Humor and education at Father-Son Night


Neighbors | Tim Cleveland.McKinley Elementary Principal Ed Kempers spoke before the presentation at Father-Son Night.


Neighbors | Tim Cleveland.Fifth-grade students and their fathers gathered in the cafeteria of McKinley Elementary for Father-Son Night.


Neighbors | Tim Cleveland.McKinley Elementary Principal Ed Kempers spoke before the presentation at Father-Son Night.


When approximately 100 fathers and their fifth-grade sons gathered Feb. 26 at McKinley Elementary for Father-Son Night, the majority of them had no idea what they were going to be presented with.

“I really don’t know what they’re going to be talking about. It’s going to be a surprise,” said Scott Smith, who attended along with his son Matthew. “We do what our wives tell us to do. There’s a father-son event at school. You be there at a certain time.”

When the event got under way, Principal Ed Kempers began by talking about his life at the same age as the students, talking about the growing up process, and how the students will soon be going through many changes.

Kempers went on to introduce Dr. Eugene Mowad, a pediatric hospitalist and the Director of Medical Education at Akron Children’s Hospital. Dr. Mowad’s purpose was to speak to the youngsters about puberty and what will soon be happening with their bodies.

“This is my 12th year at McKinley Elementary School, but they have been doing this activity for probably 25 or 30 years,” Kempers said. “We’ve had area doctors come in – and Dr. Mowad has probably done this for the last eight years.”

Dr. Mowad spoke about testosterone and the role it will be playing in their bodies.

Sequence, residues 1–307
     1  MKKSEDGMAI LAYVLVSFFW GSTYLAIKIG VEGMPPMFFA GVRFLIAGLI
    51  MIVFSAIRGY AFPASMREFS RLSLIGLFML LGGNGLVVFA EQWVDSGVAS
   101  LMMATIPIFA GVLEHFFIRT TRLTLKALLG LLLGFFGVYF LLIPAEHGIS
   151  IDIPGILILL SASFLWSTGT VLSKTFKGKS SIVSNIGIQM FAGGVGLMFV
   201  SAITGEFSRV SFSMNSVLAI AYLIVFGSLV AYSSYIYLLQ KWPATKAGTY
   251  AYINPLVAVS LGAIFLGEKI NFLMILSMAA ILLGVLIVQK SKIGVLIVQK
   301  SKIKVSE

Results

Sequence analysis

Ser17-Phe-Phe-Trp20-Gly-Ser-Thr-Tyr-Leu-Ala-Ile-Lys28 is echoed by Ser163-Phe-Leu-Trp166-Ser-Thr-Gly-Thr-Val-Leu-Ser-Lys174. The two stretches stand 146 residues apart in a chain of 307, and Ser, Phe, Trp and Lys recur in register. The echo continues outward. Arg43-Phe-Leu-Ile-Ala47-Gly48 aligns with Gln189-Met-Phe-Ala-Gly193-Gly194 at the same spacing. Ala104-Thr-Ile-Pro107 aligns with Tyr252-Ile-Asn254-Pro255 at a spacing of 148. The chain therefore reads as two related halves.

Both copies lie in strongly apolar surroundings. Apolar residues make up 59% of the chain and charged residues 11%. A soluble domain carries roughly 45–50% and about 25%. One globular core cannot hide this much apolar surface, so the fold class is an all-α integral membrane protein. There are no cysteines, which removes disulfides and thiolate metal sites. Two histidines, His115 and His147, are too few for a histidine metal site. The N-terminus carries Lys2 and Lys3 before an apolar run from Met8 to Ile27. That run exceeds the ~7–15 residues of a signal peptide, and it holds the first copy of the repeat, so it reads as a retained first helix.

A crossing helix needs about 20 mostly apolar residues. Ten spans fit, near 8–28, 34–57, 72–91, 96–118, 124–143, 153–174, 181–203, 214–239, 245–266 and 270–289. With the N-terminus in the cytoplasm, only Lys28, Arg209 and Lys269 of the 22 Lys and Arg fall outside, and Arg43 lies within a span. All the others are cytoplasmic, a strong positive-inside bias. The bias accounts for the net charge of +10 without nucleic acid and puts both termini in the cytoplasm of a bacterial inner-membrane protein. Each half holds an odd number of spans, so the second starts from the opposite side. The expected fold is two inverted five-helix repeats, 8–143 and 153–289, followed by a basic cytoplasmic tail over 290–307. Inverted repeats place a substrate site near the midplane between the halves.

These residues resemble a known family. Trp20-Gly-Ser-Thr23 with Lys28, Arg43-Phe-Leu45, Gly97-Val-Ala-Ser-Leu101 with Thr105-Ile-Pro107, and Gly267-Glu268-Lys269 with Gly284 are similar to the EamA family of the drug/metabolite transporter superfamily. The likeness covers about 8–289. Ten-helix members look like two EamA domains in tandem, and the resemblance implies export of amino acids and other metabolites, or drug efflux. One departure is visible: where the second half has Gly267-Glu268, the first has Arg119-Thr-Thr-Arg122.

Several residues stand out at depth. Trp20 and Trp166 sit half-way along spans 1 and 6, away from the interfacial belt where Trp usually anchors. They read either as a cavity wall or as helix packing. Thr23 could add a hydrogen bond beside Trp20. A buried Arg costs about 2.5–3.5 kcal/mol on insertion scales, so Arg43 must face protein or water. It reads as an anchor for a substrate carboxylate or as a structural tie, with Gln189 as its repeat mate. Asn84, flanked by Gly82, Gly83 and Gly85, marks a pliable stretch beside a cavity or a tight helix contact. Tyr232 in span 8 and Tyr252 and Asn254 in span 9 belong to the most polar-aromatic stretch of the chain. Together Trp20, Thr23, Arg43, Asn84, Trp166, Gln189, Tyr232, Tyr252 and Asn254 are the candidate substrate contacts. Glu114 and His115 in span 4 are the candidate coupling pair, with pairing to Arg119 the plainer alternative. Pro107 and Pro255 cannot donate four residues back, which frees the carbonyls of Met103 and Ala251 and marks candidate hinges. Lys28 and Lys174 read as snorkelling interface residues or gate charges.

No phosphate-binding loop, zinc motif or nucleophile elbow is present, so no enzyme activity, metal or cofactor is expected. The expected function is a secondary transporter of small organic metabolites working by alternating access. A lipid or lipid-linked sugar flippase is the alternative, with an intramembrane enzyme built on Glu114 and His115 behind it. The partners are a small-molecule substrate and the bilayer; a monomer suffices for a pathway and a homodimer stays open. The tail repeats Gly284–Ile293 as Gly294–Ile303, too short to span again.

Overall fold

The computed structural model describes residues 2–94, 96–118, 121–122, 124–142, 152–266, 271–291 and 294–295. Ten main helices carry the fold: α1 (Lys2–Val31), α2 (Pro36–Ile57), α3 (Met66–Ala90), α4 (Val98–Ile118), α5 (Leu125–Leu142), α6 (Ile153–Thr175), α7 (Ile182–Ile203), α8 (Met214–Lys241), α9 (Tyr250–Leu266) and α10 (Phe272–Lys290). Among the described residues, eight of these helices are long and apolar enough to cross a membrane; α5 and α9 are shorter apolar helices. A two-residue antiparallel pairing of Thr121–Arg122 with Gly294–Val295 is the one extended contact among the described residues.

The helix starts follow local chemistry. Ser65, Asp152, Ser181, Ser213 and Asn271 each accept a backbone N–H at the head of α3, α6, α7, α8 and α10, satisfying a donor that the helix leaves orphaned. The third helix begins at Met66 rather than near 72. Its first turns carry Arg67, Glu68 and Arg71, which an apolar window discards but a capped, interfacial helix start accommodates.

He said it will tell their bodies to change, and spoke of how they will soon be growing hair in unusual places, like under their arms, and how they will be getting pimples and will sweat more than normal.

As Mowad spoke to the students about the many changes their bodies would undergo, both physical and emotional, some of the topics produced strong reactions, such as laughter or embarrassment.

Despite the expected reaction from the fifth-graders, Kempers said the presentation will have a positive impact on the students.

“It’s a good thing for our fifth-grade kids to hear with their dads,” he said. “They come in here tonight knowing that they may see changes in their body that doesn’t make sense to them, knowing that the other 90 boys in their grade are going through the same things at the assume time, I think makes them feel good that they’re not alone and there are people to turn to to help if they have any questions about the changes that are happening.”

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